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Senator’s Name Stripped From Bill After Speech

TIMES STAFF WRITER

In a rare move, the Assembly Tuesday stripped a bill by state Sen. Don Rogers of his name in an effort to overcome animosity over his appearance last weekend before a group of suspected racists.

With Rogers listed as its author, the otherwise mundane bill to create a flood control district in the Antelope Valley was headed nowhere, Assembly members said.

Assemblyman William J. (Pete) Knight (R-Palmdale), who sponsored the amendment replacing Rogers as author with state Sen. Ken Maddy (R-Fresno), said he was asked to do so by Assembly Speaker Willie Brown (D-San Francisco).

Knight said he was told by Brown that the bill stood no chance of winning Democratic votes as long as it bore Rogers’ name.

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“It was suggested by the Speaker primarily because the leaders of the Democratic Party were concerned about the speech that Sen. Rogers gave in Bakersfield,” Knight said.

Brown refused comment. But in addressing the Assembly immediately after the unusual parliamentary move, he told members that making Maddy the author allowed it to “be taken up on its merits. . . . Clearly you removed the liability of Rogers.”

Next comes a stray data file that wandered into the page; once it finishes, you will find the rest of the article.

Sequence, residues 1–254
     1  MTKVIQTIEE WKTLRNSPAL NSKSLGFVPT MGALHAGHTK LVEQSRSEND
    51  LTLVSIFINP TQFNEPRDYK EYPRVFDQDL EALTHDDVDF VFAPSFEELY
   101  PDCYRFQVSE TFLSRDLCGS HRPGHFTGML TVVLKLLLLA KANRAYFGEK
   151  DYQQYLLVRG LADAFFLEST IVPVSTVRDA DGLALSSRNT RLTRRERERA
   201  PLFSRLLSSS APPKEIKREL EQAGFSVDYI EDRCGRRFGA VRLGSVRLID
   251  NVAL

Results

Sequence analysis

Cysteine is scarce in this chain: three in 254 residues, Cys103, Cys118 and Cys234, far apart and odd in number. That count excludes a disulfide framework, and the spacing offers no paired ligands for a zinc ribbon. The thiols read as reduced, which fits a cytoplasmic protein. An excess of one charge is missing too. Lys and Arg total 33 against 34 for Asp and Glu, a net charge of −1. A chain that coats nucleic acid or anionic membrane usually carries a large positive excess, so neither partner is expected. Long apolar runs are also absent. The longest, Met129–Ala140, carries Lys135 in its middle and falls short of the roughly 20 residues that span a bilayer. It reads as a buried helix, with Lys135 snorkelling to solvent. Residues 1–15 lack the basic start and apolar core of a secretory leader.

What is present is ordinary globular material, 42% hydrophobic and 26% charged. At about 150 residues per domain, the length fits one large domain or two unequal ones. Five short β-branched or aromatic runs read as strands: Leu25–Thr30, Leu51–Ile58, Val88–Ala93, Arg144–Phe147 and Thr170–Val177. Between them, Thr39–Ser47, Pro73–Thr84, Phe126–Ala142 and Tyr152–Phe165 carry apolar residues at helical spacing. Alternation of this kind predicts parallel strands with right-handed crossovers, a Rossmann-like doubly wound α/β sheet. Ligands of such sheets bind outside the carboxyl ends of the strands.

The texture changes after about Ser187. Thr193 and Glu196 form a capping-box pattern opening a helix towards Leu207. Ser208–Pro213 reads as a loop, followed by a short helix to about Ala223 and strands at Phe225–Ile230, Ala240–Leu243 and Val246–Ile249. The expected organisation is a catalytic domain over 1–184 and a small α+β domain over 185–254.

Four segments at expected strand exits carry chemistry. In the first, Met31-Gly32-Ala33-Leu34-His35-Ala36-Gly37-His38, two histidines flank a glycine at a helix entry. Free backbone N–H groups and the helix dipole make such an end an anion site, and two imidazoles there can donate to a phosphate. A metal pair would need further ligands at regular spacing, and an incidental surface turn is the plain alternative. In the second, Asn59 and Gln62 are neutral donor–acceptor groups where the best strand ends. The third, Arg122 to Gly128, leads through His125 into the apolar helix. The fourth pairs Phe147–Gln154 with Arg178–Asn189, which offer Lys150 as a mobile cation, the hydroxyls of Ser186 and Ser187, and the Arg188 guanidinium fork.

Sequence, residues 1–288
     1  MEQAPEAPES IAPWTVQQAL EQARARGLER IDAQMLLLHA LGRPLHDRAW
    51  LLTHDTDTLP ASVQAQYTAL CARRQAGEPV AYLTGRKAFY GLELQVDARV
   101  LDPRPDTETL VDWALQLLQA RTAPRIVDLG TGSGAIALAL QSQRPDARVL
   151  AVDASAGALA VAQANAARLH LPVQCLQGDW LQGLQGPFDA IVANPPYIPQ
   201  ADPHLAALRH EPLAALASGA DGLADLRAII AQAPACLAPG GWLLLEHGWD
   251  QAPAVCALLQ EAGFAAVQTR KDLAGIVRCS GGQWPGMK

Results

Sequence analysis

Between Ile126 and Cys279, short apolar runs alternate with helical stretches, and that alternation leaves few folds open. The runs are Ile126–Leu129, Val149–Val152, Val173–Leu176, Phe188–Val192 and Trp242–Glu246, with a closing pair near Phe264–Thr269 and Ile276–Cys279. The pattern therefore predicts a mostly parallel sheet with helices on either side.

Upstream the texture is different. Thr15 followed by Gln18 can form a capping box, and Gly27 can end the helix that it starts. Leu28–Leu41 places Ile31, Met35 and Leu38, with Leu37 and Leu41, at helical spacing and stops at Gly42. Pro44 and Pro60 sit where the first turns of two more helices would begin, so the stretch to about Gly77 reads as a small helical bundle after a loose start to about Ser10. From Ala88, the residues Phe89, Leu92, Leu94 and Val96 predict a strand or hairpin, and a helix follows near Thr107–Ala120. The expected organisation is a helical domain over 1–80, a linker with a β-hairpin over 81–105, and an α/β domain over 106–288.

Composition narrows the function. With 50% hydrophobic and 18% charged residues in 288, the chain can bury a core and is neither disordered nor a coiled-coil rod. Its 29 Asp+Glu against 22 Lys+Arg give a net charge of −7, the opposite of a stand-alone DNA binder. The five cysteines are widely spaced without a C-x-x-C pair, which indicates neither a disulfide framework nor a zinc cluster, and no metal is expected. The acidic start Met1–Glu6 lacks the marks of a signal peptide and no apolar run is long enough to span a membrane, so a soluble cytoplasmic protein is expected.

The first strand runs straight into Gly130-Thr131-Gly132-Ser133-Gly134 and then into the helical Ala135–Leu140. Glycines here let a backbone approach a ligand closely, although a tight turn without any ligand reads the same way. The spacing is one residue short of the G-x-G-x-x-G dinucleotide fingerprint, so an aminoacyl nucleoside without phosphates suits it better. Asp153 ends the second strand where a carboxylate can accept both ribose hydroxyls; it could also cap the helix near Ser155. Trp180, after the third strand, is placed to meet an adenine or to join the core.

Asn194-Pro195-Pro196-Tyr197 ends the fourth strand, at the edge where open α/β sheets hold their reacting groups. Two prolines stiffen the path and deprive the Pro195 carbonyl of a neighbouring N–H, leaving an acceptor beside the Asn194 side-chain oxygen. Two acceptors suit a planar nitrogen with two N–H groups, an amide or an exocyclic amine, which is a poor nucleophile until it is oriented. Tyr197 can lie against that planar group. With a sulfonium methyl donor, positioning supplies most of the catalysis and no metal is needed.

Rogers was the featured speaker last Saturday night at the Fourth Annual Jubilation Celebration and Conference at a hotel in Bakersfield. The event was sponsored by a California-based newspaper called the Jubilee, which is the leading national publication for the Christian Identity movement.

According to watchdog groups that track extreme right-wing organizations, the movement promotes the belief that Northern European descendants are superior to people of color.

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In answering criticism about his appearance, Rogers said he spoke to the group, whom he knew only to be “patriotic Americans,” about the need to reaffirm states’ rights. The Tehachapi Republican said he does not condone racism.

Rogers said he supported the move to take his name off the flood control district bill if that action was necessary to get his bill passed by the Assembly.

“I heard that some Democrats were disgruntled because of the Jubilee thing and I guess they thought they were going to chastise me,” he said. “I’m elated. It’s one less bill for me to worry about.

“My reaction is that it seemed rather childish, but no one has ever accused the Legislature of being mature.” Meanwhile, members of the legislative Black Caucus were moving toward holding talks with Rogers.

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“We just have to have conversations,” said Assemblywoman Gwen Moore (D-Los Angeles).

As to whether Rogers has damaged his effectiveness as a legislator--at least in the Assembly--Moore said, “I think that clearly is the message that one hopes to send.”


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